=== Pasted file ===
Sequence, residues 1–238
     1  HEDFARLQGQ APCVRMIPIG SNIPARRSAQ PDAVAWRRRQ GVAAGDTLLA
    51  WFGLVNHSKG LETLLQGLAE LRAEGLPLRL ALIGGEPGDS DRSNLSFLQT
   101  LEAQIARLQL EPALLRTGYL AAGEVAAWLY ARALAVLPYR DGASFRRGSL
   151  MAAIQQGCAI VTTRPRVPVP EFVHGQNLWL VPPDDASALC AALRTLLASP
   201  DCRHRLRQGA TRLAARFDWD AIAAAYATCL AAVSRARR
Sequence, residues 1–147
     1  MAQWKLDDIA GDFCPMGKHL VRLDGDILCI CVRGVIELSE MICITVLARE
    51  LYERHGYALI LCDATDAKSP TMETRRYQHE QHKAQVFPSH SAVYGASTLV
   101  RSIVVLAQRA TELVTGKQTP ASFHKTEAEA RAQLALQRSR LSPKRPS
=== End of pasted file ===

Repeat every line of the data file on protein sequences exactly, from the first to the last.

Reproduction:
Sequence, residues 1–238
     1  HEDFARLQGQ APCVRMIPIG SNIPARRSAQ PDAVAWRRRQ GVAAGDTLLA
    51  WFGLVNHSKG LETLLQGLAE LRAEGLPLRL ALIGGEPGDS DRSNLSFLQT
   101  LEAQIARLQL EPALLRTGYL AAGEVAAWLY ARALAVLPYR DGASFRRGSL
   151  MAAIQQGCAI VTTRPRVPVP EFVHGQNLWL VPPDDASALC AALRTLLASP
   201  DCRHRLRQGA TRLAARFDWD AIAAAYATCL AAVSRARR
Sequence, residues 1–147
     1  MAQWKLDDIA GDFCPMGKHL VRLDGDILCI CVRGVIELSE MICITVLARE
    51  LYERHGYALI LCDATDAKSP TMETRRYQHE QHKAQVFPSH SAVYGASTLV
   101  RSIVVLAQRA TELVTGKQTP ASFHKTEAEA RAQLALQRSR LSPKRPS